THE STORY OF LUCY GAULT
Trevor (Death in Summer) is one of the finest prose stylists writing today; his delicately shaded novels and stories often have a Chekhovian sense of loss and longing. This novel, with its elegiac tale of a quiet, sad life lived in the shadow of a wrecked childhood, could well have been penned by the Russian master. Lucy is nine years old when her father, a wealthy Irish army captain married to an Englishwoman, shoots at and wounds one of a trio of locals trying to set his Irish country house, Lahardane, afire in the 1920s. Captain Gault and his wife, Heloise, decide they must leave for England and safety, but Lucy, who has known no other home but Lahardane, flees into the woods on the eve of their departure and cannot be found. Eventually convinced she has drowned at a nearby beach, her parents leave for a life of wandering and grieving exile in Europe, utterly out of touch with their old life. Lucy, however, is discovered, starved but alive, days later by two faithful retainers, who with the aid of a family lawyer keep the house open as Lucy grows into womanhood. The possibility of love enters her life, but her passionate attachment to the remote place repels her potential suitor and she lives on alone. Eventually, after the death of her mother, her father returns to live with her for a while. She even gets to know the wounded youth who once tried to burn down the house, now an elderly man in a mental institution. Lucy ends her days at Lahardane, out of touch with the modern world, but still in thrall to the past. Trevor's deeply poetic sense of the Irish character and countryside, his magical evocation of the passing of time, have never been more eloquent. This is a book to be quietly cherished. (Sept. 30)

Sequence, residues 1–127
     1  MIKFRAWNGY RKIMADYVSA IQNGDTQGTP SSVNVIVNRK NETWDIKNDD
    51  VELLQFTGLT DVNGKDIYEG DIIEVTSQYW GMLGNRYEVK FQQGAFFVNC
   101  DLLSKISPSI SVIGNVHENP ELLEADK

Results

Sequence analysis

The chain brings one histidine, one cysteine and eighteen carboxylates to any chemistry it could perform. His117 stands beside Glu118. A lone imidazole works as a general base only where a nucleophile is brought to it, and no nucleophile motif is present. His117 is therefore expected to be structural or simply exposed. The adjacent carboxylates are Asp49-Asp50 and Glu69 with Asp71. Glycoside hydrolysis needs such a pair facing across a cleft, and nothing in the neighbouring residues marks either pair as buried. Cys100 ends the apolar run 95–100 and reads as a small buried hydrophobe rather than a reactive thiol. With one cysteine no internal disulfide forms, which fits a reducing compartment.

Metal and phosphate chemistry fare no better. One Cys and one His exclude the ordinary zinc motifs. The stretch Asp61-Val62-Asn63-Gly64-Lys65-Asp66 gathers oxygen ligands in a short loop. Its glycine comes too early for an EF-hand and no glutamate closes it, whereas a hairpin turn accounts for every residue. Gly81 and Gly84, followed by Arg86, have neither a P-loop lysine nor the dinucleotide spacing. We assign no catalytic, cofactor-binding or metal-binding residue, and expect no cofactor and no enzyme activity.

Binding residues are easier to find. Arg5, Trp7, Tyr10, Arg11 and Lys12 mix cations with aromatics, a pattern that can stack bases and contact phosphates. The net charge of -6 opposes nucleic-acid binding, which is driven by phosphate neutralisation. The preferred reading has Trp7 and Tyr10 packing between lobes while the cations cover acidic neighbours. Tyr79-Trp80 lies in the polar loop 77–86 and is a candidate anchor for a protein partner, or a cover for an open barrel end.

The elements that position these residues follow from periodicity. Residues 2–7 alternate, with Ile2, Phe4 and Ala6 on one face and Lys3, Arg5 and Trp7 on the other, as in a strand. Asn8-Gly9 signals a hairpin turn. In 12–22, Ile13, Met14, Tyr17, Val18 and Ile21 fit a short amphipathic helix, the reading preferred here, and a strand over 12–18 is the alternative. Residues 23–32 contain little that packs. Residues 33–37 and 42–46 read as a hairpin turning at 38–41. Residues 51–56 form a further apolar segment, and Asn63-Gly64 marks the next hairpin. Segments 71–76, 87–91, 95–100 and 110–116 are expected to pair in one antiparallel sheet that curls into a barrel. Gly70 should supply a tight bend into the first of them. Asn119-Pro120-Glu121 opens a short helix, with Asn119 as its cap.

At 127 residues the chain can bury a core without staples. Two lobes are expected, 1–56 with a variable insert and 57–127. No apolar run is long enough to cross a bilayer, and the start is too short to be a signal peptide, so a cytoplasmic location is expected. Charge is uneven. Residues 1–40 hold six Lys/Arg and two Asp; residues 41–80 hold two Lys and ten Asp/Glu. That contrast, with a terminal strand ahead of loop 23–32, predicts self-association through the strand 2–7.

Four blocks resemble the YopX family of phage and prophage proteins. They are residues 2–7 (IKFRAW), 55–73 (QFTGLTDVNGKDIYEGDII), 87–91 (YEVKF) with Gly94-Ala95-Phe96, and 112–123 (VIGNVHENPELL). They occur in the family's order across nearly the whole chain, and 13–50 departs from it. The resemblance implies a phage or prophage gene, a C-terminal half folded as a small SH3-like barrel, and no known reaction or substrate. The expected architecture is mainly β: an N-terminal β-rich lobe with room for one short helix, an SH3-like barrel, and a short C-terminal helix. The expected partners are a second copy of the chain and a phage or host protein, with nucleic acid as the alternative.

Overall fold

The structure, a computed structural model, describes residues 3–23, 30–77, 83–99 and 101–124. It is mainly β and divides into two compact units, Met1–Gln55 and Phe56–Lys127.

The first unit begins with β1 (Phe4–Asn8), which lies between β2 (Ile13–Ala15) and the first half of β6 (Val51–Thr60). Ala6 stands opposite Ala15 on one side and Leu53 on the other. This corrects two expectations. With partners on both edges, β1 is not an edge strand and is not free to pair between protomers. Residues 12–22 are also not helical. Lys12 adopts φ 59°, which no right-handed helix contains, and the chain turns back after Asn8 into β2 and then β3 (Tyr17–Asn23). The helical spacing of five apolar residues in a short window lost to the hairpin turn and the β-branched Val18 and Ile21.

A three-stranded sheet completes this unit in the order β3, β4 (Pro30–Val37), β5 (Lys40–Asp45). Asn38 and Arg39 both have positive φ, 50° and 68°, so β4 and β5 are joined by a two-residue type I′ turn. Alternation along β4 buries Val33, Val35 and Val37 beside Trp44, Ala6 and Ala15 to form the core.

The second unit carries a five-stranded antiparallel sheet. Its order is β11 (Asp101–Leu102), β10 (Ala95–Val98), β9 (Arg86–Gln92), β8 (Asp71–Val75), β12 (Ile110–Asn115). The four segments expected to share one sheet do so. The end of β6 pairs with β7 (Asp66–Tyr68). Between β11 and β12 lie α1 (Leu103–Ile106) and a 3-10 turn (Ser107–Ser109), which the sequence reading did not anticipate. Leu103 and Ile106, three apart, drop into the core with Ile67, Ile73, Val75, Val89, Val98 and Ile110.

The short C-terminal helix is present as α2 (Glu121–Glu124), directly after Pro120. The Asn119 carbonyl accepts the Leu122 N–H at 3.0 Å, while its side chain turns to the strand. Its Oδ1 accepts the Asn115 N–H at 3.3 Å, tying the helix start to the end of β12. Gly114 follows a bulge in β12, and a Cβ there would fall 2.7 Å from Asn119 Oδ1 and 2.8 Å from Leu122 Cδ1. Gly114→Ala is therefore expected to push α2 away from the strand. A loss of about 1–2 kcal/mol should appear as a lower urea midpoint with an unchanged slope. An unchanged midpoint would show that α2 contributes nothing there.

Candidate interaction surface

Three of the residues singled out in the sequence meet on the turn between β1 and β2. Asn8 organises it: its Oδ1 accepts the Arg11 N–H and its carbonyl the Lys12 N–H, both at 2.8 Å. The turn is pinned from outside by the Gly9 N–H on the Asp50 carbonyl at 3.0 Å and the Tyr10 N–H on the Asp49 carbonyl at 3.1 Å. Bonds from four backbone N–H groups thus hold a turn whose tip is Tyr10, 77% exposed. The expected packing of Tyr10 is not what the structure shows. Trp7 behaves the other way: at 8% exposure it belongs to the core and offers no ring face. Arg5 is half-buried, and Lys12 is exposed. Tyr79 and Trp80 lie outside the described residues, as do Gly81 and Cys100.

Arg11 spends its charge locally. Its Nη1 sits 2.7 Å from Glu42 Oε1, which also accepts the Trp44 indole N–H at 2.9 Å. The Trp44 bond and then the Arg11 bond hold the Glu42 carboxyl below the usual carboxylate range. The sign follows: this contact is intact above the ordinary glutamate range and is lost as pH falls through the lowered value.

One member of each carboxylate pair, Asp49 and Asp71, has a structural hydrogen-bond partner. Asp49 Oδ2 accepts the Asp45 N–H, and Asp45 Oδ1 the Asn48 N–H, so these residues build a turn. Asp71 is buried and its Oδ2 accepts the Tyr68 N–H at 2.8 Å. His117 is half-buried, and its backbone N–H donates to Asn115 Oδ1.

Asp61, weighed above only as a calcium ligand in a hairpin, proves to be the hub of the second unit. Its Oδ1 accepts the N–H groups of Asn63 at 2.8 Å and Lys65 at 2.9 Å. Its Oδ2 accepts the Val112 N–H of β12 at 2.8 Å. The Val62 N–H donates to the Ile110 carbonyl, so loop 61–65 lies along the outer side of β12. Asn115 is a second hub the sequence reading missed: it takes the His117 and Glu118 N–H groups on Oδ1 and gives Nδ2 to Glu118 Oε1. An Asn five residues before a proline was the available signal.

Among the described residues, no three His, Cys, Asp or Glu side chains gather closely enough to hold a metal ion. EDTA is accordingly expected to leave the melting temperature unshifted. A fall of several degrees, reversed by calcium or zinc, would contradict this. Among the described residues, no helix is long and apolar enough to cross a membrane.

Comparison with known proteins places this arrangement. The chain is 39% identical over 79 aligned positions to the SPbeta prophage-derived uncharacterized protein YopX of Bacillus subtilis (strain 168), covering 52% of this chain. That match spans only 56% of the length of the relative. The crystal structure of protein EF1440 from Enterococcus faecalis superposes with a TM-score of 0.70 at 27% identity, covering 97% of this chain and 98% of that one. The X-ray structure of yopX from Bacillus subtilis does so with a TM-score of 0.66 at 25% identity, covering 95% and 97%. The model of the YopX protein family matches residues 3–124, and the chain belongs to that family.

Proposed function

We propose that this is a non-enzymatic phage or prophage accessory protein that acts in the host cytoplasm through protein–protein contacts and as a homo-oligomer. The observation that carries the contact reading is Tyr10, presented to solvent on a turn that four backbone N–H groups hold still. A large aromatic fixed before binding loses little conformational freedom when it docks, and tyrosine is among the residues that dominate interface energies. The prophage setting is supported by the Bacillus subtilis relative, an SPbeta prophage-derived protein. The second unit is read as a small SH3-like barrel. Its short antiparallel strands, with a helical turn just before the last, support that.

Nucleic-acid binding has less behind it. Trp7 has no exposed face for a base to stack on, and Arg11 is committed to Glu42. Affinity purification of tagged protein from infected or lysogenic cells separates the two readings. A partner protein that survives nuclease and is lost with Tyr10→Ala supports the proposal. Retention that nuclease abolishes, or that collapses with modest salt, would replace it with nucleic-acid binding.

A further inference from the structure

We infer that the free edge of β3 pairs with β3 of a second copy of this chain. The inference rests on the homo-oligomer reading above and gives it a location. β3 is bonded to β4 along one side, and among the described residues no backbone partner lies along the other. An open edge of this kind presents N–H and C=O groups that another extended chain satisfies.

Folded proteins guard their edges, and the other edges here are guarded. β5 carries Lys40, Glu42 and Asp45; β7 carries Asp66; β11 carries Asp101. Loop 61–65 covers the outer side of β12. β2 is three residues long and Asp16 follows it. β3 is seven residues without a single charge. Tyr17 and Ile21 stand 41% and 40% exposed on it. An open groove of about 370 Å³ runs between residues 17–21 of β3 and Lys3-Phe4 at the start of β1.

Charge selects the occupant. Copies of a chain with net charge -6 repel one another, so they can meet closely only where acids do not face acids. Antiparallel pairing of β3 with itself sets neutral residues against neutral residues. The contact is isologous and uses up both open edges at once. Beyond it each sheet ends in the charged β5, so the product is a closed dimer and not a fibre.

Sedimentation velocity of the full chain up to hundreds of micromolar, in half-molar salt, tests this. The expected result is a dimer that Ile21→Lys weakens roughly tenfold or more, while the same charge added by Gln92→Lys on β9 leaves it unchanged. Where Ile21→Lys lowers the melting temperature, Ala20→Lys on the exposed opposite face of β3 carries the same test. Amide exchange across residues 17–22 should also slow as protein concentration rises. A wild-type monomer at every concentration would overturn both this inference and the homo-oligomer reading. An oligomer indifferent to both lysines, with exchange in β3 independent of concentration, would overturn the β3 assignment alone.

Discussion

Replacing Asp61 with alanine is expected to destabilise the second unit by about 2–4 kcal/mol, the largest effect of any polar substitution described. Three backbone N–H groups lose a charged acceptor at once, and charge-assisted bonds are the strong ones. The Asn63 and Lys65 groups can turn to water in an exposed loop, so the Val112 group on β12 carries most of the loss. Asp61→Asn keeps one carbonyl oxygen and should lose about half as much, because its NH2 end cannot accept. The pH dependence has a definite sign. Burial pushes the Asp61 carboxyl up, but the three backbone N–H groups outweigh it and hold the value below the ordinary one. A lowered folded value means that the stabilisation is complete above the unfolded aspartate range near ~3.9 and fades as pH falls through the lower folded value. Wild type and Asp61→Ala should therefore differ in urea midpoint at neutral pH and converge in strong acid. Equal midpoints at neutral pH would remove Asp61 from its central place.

Forecast:Admirers of the author will need no urging to seek this out, and widespread and positive review attention should help win new ones.